COMMENTARY | New York Yankees outfielder Alfonso Soriano will be 38 years old at the start of the 2014 season. He has compiled a fine career, but he has not been a dominant player during that time and still remains far short of the Hall of Fame.
Yes, he is one of only four members of the 40-40 club from his 2006 season with the Washington Nationals. He just missed his first shot at 40-40 in 2002 with the Yankees, as he swiped 41 bases and swatted 39 homers. But even though Soriano is also a seven-time All-Star, he has not made the squad since 2008.
He enjoyed a torrid stretch in August and September after the Chicago Cubs traded him back to New York, but how much longer can he keep it up? He totaled 34 home runs in 2013, and three more seasons like that could vault him to the Hall of Fame, but sustaining that production and health past age 40 is expecting far too much.
Ultimately, Soriano's lack of plate discipline and failure to sustain his dominance will keep him out of Cooperstown.
You Lack Discipline
In 1,908 games, Soriano has struck out a prodigious 1,732 times over a 15-year career with four teams, averaging 147 strikeouts per 162 games. He also has a paltry 490 walks in that time. Soriano is a slasher who never saw a pitch he did not like. He can look completely lost at the plate for three at-bats and then run into one for a long ball in his other plate appearance. With his diminished speed and limited defensive capabilities, he's become little more than a long-ball specialist, though he does have the knack for hitting in the clutch.
Comparison to Contemporaries
With his speed, you would assume Soriano would have more than 31 triples, which perhaps speaks to his hustle or lack thereof. For perspective, Milwaukee Brewers first baseman Corey Hart has 33 career triples in 945 games. With 1,136 RBIs, Soriano is considerably behind former teammate Aramis Ramirez, who has driven in 140 more runs in just 16 more games. Soriano's 1,130 runs scored put him just one ahead of Shawn Green. His 466 doubles have him three behind Carlos Lee. He also has fewer hits (2,045) than Juan Pierre (2,217). None of those players will be enshrined in Cooperstown.
Lack of Sustained Dominance
Soriano has finished in the top 10 of the MVP voting only twice. He had only one season with more than 40 home runs and only one season with more than 200 hits. In four seasons, he scored at least 100 runs, and, in four seasons, he topped 100 RBIs. He also has not eclipsed 20 stolen bases since 2006 because he basically stopped running when he became a Cub.His move to the outfield in 2006 significantly impacted the value of his bat. As a second baseman, Soriano's offensive production was the best in baseball for several years. By contrast, his production as a corner outfielder can be replicated by at least a dozen other players in the league.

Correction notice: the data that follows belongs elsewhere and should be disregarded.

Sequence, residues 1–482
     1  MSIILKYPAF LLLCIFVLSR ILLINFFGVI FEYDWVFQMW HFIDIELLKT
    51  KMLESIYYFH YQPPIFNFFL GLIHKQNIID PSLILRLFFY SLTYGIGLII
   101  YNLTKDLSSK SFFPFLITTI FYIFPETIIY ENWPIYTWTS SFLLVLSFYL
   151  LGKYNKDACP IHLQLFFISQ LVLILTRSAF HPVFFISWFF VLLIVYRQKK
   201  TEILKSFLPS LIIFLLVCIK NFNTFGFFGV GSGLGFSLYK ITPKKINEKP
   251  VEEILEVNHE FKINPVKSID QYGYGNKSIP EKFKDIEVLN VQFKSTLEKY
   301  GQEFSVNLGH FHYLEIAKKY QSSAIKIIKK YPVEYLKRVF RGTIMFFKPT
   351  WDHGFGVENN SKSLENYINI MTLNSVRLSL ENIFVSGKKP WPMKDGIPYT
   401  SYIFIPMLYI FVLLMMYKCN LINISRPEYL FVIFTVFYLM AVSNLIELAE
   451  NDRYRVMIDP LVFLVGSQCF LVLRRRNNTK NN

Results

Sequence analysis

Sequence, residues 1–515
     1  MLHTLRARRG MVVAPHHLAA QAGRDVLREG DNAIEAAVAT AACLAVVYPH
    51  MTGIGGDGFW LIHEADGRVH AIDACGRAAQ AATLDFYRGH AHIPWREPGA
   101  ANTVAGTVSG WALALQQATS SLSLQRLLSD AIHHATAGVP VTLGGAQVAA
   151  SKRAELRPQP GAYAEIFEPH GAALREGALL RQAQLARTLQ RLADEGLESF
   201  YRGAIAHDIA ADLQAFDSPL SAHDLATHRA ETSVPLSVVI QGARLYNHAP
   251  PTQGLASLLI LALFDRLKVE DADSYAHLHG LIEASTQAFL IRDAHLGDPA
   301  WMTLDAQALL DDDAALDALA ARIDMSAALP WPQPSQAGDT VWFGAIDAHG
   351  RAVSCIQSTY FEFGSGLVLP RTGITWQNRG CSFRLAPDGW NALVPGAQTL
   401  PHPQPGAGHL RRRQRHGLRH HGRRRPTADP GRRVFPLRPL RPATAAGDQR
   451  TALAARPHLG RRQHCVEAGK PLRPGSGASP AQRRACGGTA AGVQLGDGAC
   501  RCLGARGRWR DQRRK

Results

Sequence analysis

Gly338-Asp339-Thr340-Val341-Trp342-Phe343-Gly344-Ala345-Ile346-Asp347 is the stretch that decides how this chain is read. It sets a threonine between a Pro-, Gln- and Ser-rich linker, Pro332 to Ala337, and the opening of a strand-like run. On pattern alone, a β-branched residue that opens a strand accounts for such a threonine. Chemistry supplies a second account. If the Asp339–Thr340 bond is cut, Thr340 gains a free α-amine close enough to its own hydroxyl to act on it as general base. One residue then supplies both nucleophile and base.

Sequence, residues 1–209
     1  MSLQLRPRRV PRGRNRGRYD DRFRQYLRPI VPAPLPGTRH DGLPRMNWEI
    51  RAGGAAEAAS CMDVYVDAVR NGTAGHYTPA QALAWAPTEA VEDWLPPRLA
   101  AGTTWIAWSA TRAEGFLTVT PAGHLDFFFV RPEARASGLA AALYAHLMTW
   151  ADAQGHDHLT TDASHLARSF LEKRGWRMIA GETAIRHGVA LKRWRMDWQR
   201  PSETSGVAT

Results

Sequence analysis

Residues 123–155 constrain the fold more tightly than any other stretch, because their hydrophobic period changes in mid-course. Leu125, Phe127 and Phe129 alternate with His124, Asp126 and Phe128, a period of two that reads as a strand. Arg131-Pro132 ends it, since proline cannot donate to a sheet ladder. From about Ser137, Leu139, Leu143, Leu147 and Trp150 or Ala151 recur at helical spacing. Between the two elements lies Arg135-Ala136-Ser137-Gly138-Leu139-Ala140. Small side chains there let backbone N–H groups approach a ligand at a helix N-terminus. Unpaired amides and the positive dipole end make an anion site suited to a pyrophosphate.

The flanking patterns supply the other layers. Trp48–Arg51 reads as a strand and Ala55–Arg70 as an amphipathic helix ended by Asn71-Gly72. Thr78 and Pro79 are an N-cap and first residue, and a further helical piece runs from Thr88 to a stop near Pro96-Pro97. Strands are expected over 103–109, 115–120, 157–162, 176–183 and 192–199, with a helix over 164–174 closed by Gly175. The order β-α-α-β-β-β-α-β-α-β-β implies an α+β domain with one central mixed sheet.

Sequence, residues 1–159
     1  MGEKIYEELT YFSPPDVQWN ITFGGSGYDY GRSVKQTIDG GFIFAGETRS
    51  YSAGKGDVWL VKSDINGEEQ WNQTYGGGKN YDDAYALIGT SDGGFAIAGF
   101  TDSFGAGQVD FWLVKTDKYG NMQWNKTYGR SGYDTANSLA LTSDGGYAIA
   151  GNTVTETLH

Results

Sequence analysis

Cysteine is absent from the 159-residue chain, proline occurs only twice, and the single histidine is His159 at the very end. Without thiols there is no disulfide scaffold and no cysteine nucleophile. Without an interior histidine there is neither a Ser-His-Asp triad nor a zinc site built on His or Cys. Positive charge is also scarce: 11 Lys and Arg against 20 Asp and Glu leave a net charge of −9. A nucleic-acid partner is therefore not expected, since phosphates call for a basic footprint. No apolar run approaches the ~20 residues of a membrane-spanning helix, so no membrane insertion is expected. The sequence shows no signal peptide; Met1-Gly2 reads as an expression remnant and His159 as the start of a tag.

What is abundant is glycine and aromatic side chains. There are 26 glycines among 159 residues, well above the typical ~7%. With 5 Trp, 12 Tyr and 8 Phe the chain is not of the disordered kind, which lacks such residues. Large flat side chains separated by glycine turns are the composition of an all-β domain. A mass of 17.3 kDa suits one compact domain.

On September 5, I was watching the Yankees trail the Boston Red Sox 9-8 in the bottom of the ninth. When Soriano reached second base, I turned to my father and said, "He's either gonna steal third or get picked off." Ten seconds later, Soriano got picked off and the Yanks lost the game. Granted, he single-handedly delivered numerous victories in 2013 for the Bronx Bombers, but you never know when he will have a "Soriano moment."
Chasing 500 (and 300)
Soriano is sitting on 406 home runs and 288 steals. Twelve more steals would make him just the fifth member of the 400-300 club, joining Andre Dawson, Barry Bonds, Willie Mays and Alex Rodriguez. Of course, he would love to hang on long enough to join the 500 HR club, but that would require playing until he was 41 or 42. While that remains possible because of his knack for staying healthy, it is a long shot.If he reaches 500 home runs, his HOF chances will increase drastically. Soriano's body type has not changed during his career in an era dominated by steroids, and his perceived purity as a power hitter could sneak him into the Hall of Fame as voters continue to grapple with the impact of PEDs. Still, 94 more homers from a 37-year-old is a tall order.
Soriano journeyed from the Dominican Republic to Japan to launch his baseball career with the Hiroshima Carp. He has enjoyed a remarkable run since the Yankees purchased his contract in 1998. But barring three more sensational seasons, his resume falls just short of being Cooperstown-worthy.
Sean Hojnacki writes about baseball and football for Time Warner and basketball for Bleacher Report. His writing has also appeared on The Classical, Salon.com and briefly on Twitter. He lives in Jersey City, NJ with his wife and a cat named after Melky Cabrera.
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